Millennials have been called the “me” generation, accused of being a little too focused on themselves. But is that really true?
As a former lawyer, business leader and now president of Bentley University for the past seven years, I can say that based on my personal experience, this stereotype couldn’t be further from the truth.
I’ve found many members of this generation to not only have the interest but also the capacity to change the world, in their caring about the bottom line of a company, their community and the environment. I refer to this as “triple bottom-line thinking” -- a focus on people, the planet and profit.
Related: What Young People Want From Work
Many millennials grew up playing team sports and doing volunteer work, with civic and community engagement integrated into their lives. At the same time, through access to technology, many millennials have become globally aware, connected to real-world issues (like the 2008 presidential election and the Arab Spring) and clear about what they want for their lives, careers and the world they live in.
In the same way, when it comes to their jobs, many millennials aren’t content to just accept the status quo but crave a serious work-life balance.
My colleague Leslie Doolittle, assistant dean and director of academic support services at Bentley, has found that many millennials consider central to their lives the following priorities: family, friends and making a difference in their community.
So it’s no surprise to see that, according to a Pew Research study earlier this year, 21 percent of the respondents 18 to 29 years old said helping others in need is one of the most important things in their life. Alexandra Levit, a millennial expert, author and ambassador for Bentley’s PreparedU Project, says millennials want to be able to serve society in a way that resonates with them personally and in a manner that they find most effective.
Many millennials are also searching for ways to make the planet a better place for future generations.
In a study released in November by Bentley University, 95 percent of the millennials surveyed said a company’s ethics are very important to them and 22 percent of the respondents said they cared the most about a company’s policies toward the environment.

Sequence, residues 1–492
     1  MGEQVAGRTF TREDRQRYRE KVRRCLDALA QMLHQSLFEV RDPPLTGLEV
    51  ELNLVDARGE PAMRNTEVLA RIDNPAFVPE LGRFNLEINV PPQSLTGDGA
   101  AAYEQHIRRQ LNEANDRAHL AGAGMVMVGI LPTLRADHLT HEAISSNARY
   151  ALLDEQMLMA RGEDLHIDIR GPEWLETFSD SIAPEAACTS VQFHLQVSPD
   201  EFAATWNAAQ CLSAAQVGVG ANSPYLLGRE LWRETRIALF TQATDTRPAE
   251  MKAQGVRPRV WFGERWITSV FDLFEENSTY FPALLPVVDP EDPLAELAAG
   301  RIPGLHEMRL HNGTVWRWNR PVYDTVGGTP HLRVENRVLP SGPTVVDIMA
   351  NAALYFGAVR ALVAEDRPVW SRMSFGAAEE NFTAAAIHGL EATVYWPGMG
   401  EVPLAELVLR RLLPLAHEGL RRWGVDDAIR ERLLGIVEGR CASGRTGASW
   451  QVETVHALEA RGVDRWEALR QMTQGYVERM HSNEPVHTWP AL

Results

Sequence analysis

Some suggest that millennials' concern for the planet isn’t so unique, when hippies and tree huggers of past generations are considered. Nonetheless, many companies have taken note and established environmentally friendly practices to appeal to employees in this generation, setting up internal recycling programs, volunteer hours for neighborhood cleanups and commitments to reducing greenhouse gas emissions.
Many millennials want to do well by doing good. According to Bentley's recent survey, while the vast majority of millennials surveyed found a company’s ethics to be very important, 79 percent said they expected a salary increase every year and 77 percent said they value a pay raise over a promotion.
At first glance, these desires seem to conflict, don’t they?
But many millennials don’t see a conflict between doing what’s right and earning a good paycheck.
My colleague Susan Adams, a management professor at Bentley, points out that millennials have grown up in tumultuous times, including the terrorist attacks on Sept. 11, 2001, and Great Recession of 2008. They have watched their parents live through uncertainty and learned the importance of financial security. And for some millennials, an ethical company not only takes care of its surrounding community and the planet but also employees by providing adequate financial compensation and benefits.
As a result, many millennials are choosing to create their own opportunities and become entrepreneurs. They see starting their own businesses as a way to fulfill their commitment to the triple bottom line.
I’m extremely optimistic about millennials -- members of a generation that will make up 75 percent of the workforce by 2025. The world is changing amid huge technological and cultural shifts. I’m thrilled that millennials will soon be leading the way into that new world. Below view an infographic based on Bentley University's research.